Evan’s cartoon, created for a New Zealand newspaper, depicts a group of frightened children with a large dark figure looming behind them with the word poverty emblazoned on his front. The imagery is suggestive of the beheading of westerners by Isis. In 2014, the countering Terrorist Fighters Legislation Bill had been passed and the Child Poverty Report revealed that 24% of children in New Zealand were living in income poverty. Evan’s work is a response to the comparative lack of public engagement child poverty in New Zealand received compared to the less immediate threats of terrorism. This lack of interest is partly due to Western attitudes, where people refrain from admitting to or discussing poverty. According to Professor Jonathon Riggs, people in developed countries tend to ignore poverty because “poverty implies backwardness, underdevelopment, and failure” (qtd. in Seah). Success, both in personal life and business life, is highly valued in Western society. For some, poverty implies that an inability to provide for your family, a lack of ability and can be seen as translatable to people’s value – making it something to be embarrassed about. This cartoon also draws on the idea that people in poverty can be deserving or undeserving of assistance (Gans, qtd. in Pear). In this work, the children are deserving of assistance, viewed as innocent victims of circumstance in need of rescuing.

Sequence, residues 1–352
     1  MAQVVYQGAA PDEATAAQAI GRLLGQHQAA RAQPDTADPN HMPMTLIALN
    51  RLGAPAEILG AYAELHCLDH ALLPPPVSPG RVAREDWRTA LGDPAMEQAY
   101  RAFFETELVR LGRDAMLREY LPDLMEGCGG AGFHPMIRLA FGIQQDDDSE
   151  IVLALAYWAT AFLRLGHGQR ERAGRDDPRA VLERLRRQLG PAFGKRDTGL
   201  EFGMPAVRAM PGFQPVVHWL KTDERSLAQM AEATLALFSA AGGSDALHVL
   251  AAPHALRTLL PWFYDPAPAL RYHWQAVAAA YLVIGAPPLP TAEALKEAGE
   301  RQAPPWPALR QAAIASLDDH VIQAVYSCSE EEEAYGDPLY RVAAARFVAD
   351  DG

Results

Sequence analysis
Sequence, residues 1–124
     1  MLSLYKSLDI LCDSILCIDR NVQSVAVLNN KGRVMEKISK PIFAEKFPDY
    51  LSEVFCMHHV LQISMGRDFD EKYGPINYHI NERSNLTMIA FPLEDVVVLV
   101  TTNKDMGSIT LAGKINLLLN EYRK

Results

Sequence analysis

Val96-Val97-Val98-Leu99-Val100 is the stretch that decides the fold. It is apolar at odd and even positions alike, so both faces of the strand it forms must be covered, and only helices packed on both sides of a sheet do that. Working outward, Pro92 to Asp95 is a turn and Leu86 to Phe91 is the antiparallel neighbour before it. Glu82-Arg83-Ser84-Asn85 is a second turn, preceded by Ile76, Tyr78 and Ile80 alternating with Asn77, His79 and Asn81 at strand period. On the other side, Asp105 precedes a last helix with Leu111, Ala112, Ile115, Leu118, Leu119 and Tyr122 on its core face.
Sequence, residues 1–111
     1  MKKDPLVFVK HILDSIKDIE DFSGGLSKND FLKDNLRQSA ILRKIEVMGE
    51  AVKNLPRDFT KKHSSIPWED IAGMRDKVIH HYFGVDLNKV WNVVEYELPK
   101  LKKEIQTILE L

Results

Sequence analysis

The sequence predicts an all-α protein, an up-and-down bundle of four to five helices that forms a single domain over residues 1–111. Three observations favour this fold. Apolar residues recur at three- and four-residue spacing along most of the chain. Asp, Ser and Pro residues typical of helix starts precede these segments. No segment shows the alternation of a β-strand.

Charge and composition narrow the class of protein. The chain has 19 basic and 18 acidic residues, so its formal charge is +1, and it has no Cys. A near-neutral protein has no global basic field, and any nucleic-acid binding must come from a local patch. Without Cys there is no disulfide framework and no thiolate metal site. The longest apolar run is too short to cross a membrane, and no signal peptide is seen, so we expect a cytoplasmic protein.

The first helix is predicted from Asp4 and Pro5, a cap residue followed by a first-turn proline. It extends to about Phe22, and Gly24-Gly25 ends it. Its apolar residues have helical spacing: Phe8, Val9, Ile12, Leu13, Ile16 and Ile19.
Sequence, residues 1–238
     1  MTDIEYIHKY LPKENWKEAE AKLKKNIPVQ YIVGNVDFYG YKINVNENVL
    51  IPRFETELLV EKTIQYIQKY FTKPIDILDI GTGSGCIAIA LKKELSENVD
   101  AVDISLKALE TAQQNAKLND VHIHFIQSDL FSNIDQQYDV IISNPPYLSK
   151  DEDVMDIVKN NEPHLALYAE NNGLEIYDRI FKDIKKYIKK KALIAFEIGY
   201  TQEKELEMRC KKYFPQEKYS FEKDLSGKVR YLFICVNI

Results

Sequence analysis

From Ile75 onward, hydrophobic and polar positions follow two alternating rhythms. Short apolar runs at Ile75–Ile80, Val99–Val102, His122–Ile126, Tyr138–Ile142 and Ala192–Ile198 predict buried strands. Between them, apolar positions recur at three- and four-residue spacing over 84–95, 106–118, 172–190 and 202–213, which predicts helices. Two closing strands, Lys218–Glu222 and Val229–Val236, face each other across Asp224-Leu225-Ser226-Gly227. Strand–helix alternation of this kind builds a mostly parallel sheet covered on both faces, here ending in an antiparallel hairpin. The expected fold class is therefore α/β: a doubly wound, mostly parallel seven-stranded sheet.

Evans, Malcolm Paul. “NZ’s Real Terrorist Threat.” National Library of New Zealand. New Zealand Government, 1 Dec. 2014. Web. 27 Sept. 2016.
Pear, Robert. “The Culture of Poverty.” The New York Times. The New York Times Company, 09 Dec. 1995. Web. 27 Sept. 2016.
Seah, Kevin. “The Invisible Poor.” The Straits Times. SPH Digital News, n.d. Web. 27 Sept. 2016.
Young, Audrey. “Foreign Fighters Bill Passes.” The New Zealand Herald. NZME, 09 Dec. 2014. Web. 26 Sept. 2016.